Some social media sleuths took it upon themselves to create timelines of Mulaney’s personal life. Many claimed they were there to defend Tendler against unforgiveable personal slights. They pointed out how Mulaney always joked about not wanting children in his stand-up comedy, and mapped out how many weeks along Munn was in her pregnancy, trying to parse out whether Mulaney had been unfaithful. The discourse got so involved that a meta-discourse about ending the discourse began to trend not long after.

But it might not be our fault that we’ve become so invested in the lives of celebrities. Social media platforms were built for forming parasocial relationships. Access to our favorite celebrities is now easier than ever before. We become “followers” or “subscribers,” and we stay up-to-date by turning on post notifications. Popular TikTok accounts post “blind items” — unfounded pieces of celebrity gossip — and encourage users to decipher them. We are supposedly invited into people’s homes via TikTok or Instagram, and encouraged to see the famous people on those platforms as our friends — mainly so that they can sell items to us through well-placed advertising done up like a friendly, anecdotal personal recommendation.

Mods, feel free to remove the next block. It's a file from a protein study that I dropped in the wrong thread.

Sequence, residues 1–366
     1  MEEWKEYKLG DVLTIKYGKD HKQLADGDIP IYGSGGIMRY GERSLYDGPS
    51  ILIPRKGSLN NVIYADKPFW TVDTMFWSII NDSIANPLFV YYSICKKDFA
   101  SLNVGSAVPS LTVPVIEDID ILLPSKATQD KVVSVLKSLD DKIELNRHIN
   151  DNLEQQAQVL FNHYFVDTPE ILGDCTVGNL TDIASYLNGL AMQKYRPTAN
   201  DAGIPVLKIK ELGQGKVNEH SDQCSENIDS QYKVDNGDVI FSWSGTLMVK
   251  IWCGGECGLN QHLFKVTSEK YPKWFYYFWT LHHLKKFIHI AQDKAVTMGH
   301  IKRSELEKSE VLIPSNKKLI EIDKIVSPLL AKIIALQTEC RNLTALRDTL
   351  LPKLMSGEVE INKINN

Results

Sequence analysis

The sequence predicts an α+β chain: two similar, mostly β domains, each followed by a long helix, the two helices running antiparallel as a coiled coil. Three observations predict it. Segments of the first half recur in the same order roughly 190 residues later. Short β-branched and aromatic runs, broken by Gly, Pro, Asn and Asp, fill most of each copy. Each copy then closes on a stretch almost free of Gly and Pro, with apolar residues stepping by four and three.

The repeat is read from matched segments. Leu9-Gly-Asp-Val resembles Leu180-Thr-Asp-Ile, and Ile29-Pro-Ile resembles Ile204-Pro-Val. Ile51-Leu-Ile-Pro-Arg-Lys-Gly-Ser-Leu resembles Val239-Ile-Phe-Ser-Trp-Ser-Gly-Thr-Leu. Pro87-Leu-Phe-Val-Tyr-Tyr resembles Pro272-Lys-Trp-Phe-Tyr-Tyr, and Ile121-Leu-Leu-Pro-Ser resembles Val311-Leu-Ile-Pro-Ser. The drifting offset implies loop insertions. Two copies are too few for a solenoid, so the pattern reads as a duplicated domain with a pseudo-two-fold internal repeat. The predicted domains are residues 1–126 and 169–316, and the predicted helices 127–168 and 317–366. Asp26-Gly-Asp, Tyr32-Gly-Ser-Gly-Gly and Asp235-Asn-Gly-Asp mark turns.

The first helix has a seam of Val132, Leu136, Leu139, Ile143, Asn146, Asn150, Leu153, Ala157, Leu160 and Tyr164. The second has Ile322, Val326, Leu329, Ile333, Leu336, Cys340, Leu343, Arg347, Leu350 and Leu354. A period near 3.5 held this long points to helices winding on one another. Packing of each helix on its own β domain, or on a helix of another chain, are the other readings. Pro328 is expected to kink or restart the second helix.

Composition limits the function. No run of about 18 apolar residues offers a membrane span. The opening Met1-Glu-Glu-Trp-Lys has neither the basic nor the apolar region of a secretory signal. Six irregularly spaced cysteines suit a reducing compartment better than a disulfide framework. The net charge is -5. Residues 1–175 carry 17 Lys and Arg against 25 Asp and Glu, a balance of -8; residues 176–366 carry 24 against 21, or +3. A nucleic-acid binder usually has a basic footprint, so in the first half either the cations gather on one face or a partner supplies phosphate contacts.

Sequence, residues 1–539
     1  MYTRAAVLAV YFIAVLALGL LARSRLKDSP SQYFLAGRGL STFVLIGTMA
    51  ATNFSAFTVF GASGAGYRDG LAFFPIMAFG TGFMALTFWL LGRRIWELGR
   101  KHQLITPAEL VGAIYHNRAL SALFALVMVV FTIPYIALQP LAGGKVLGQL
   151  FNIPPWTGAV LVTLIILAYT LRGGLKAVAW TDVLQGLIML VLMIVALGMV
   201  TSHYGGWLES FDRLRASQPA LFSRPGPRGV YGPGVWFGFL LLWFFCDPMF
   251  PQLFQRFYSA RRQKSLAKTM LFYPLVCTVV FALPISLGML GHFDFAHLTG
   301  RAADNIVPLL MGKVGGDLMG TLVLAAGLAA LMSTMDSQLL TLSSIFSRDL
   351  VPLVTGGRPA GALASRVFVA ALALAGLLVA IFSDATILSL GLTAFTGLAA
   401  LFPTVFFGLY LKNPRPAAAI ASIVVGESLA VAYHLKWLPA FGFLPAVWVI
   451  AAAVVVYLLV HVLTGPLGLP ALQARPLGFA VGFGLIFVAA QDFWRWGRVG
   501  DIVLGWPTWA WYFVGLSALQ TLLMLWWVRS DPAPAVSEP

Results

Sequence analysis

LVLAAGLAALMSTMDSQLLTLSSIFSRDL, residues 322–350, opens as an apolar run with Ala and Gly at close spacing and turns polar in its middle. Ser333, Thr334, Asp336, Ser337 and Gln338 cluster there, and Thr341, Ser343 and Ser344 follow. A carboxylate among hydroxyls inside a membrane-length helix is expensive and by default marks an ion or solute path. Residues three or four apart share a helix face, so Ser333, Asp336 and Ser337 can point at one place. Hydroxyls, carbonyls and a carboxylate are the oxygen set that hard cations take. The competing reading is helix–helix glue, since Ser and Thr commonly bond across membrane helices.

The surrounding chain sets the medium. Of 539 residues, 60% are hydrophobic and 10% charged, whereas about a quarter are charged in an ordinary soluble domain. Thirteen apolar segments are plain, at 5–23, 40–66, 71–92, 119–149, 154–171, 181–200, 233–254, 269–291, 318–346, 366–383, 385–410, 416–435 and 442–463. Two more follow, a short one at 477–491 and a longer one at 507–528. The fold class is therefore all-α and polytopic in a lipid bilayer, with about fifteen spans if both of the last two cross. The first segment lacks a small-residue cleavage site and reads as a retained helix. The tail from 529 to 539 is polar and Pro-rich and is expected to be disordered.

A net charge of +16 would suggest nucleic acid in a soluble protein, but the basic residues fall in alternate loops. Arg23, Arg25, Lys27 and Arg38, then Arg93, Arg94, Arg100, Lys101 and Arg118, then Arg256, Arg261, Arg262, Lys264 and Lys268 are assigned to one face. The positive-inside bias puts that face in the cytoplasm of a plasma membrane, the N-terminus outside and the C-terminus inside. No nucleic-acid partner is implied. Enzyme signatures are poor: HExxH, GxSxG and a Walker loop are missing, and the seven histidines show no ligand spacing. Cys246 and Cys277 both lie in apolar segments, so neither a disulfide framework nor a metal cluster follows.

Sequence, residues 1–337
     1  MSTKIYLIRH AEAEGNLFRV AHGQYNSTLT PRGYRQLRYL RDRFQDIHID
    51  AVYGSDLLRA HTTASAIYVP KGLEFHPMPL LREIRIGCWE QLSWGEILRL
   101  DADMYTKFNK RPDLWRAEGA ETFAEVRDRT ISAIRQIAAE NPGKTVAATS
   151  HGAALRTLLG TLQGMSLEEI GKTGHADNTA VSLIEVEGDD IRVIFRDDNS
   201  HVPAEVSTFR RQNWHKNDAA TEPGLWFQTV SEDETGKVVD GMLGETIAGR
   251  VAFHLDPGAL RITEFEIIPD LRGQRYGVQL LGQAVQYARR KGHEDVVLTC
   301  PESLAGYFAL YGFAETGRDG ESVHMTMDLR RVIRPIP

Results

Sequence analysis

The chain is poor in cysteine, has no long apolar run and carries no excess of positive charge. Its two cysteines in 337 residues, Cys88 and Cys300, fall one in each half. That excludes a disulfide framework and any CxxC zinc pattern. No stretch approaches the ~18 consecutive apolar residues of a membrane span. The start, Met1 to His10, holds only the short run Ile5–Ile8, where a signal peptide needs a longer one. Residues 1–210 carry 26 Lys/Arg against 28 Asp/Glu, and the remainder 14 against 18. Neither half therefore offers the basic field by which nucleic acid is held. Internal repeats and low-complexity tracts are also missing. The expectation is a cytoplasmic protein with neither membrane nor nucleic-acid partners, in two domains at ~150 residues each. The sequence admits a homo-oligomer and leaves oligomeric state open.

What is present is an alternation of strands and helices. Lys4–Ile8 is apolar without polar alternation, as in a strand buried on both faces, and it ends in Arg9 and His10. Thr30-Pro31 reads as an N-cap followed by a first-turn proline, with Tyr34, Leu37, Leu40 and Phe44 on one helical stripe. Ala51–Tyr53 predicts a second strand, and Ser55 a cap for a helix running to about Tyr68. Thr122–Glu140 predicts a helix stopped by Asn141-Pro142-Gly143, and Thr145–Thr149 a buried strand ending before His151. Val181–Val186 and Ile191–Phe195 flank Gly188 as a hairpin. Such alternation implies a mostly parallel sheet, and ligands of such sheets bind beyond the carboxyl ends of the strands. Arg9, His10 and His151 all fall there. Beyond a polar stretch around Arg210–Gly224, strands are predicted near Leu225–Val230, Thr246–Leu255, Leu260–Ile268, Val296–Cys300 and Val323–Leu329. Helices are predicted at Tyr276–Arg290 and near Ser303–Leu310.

Outside the Fairfax courthouse where the Depp v Heard defamation trial is taking place, a long line of public spectators snakes around the block. Only 100 spectator wristbands are available from 7am each morning and are highly coveted; offers to buy the bands off people who have procured them are common. One Johnny Depp superfan, Yvonne De Boer, said in an interview with 60 Minutes Australia that she would “take a bullet for Johnny,” and described how she arrives at the courthouse at 1am every morning to secure her spot behind the actor. Another Depp fan brings alpacas to the courthouse in hopes of raising the actor’s spirits.

It’s hard, sometimes, to have sympathy for people that obsessed with a celebrity who doesn’t even know they exist. But social media primed these followers to translate their affection from phone-screen to real life. In a trial where everyone claims they’re the victim, these superfans fighting for scraps should probably be seen as victims too.